Single-phase FAC is “switched off’ by the oxidizing environment, but you must assure sufficient “oxidizing power” attendees were told. Best way to determine oxidizing power is to monitor (1) the level of oxygen at the condensate-pump discharge and boiler-feed pump, (2) the color of LP and IP drums for the “ruggedness of their redness (R of R),” and (3) low levels of iron transport.
Two-phase FAC is controlled by the pH of the water phase. Once single-phase FAC is under control, review iron levels. If elevated, then check wall thicknesses, increase pH with ammonia towards 9.8, and add sodium hydroxide or tri-sodium phosphate in accordance with IAWPS guidelines to ensure the pH of the water phase is correct.
Under-deposit corrosion (UDC) presents the greatest risk to HP evaporators because they have the highest heat fluxes. UDC and FAC are linked: FAC corrosion products increase the risk of UDC in the higher pressure parts of the cycle. To control UDC, you need low levels of iron and low levels of deposition in the HP evaporator. Plus, you must sample tubes from the HP evaporator (chemically clean as required) and install the proper instrumentation to control the entry of contaminants into the condensate/feedwater system.
The speaker said that based on his experience, most plants are under instrumented and not taking HP-tube samples, so they’re not controlling UDC risk very well. He added that poor chemistry selection contributes to heavy tube deposits in the HRSG and increases the risk of UDC failures.
A user wanted to know how much dissolved oxygen is needed to achieve “optimal chemistry.” The speaker said there was no one-size-fits-all number. It needs to be capable of holding feedwater iron at a low level while producing the R of R in the drums. If you are below 10 ppb in a combined-cycle plant, he added, then you’re unlikely to have the oxidizing power to provide the level of protection needed.
Is there an indication that you’ve gone too far, another user asked. The chemist said you really can’t have too much oxygen for the LP portion of the cycle, but you don’t want more than 10 ppb of dissolved oxygen in the HP evaporator tube bundles—so this is what has to be controlled. Next question: What’s the best location for HP evaporator tube sampling? Answer: In a horizontal HRSG, extract the sample from as high up the lead HP evaporator tube as possible. This is where you’ll find the worst deposition. If you can’t gain access to the worst tube, then better to have the next tube rather than no tube at all.
High-energy piping, P91 in particular, was the source of much discussion at the meeting with several users reporting such issues as incorrect filler material, welds with defects, difficulties in welding T91 to P22, hardness too high, hardness to soft, replacement of off-spec fittings and pipe sections, construction records not matching what’s installed, incorrect drawings, etc.
Order was brought to the subject of P91 by one of the world’s top consultants on advanced materials for powerplant applications who offered his thoughts on how owner/operators might organize and manage a high-energy piping (HEP) program for their plants. He began with goals. A HEP management program, he said, should have two major goals: personnel safety and high unit reliability. Despite such high-profile goals, it’s disconcerting, the expert continued, that HEP issues are on the increase because of limited maintenance budgets and the loss of technical expertise from the industry.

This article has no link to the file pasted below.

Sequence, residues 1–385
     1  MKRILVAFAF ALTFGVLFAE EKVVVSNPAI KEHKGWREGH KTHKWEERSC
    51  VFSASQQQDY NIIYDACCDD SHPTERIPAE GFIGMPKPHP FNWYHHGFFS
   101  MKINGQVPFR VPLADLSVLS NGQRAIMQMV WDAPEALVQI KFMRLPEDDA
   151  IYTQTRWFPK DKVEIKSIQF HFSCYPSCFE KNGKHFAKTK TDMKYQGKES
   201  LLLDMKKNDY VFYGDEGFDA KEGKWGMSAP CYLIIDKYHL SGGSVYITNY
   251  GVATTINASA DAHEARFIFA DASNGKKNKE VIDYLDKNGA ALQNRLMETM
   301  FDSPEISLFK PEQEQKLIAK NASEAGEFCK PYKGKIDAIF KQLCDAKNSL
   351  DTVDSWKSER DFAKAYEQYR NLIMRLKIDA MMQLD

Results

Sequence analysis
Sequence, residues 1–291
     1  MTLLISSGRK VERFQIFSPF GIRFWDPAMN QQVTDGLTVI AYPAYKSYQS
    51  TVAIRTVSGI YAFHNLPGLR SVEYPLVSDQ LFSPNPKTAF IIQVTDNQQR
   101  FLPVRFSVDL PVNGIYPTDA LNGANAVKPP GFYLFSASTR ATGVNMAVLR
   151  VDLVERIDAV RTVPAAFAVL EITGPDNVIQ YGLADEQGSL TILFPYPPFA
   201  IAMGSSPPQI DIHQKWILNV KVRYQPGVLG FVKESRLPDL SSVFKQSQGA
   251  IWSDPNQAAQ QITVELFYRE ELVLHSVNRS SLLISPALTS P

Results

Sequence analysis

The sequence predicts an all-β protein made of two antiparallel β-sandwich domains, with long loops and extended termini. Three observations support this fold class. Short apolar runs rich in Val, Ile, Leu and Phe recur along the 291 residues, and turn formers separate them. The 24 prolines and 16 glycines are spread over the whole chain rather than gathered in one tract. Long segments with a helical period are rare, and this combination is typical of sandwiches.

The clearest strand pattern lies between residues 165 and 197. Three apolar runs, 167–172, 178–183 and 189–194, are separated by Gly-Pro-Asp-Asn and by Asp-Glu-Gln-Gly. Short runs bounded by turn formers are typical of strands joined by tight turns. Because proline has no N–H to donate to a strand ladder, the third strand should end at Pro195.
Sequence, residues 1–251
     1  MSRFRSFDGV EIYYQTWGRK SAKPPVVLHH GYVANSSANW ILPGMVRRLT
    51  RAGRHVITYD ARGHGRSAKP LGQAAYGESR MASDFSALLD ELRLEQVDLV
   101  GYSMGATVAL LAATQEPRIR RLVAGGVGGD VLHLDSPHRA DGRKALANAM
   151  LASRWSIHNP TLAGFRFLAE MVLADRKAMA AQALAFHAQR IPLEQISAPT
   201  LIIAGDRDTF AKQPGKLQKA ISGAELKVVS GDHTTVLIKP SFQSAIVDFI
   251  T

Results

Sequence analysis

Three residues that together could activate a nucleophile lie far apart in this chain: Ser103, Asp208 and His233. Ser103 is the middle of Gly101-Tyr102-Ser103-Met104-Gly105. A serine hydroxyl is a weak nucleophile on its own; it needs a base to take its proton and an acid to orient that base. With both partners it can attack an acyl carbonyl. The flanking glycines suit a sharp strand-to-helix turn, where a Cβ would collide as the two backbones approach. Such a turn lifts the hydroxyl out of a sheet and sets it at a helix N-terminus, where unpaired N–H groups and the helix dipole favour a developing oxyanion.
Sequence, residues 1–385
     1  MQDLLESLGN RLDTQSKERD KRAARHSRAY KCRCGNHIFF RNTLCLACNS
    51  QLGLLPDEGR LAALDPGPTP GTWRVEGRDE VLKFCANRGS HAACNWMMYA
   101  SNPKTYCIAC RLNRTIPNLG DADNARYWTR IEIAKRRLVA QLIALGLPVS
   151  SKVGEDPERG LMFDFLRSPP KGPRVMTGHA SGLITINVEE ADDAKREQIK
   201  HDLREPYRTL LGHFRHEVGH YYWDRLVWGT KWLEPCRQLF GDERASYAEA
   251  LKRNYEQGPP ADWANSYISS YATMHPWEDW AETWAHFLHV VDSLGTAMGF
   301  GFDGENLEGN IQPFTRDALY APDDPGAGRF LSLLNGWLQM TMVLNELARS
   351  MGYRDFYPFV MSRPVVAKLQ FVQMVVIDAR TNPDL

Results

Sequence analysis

To reverse the trend, users need to know where to look for problems in HEP and headers; a random approach is not productive. An organized approach to ranking the probability of which HEP components will fail is needed. The ranking should be based upon each component’s potential for damage and incorporate results from inspections and stress analyses.
Once components are ranked in order of risk, inspections can begin. Goals for your inspection program include the following;
- Ability to detect the type of damage most likely to occur as early as possible.
- Provide rapid and repeatable results at the lowest possible cost.
The inspection process becomes substantially more complex, the speaker continued, when the material of construction is Grade 91 or one of the other creep-strength-enhanced ferritic (CSEF) steels. Controlling the microstructure of these unique steels dramatically increased the levels of technical and process control required during steel production and through all phases of implementation.
As the earlier discussion indicated, damage to piping system and other components made from these steels is widespread. Further, the location of damaged material is unpredictable, reflecting poor control of processing steps and poor record-keeping. With such poor quality control, the materials expert said, you cannot from a cost standpoint certify with complete confidence the condition of any component/system after installation. At this time, he continued, there exists no nondestructive inspection tool that can conclusively identify deficient CSEF material cost-effectively. CCJ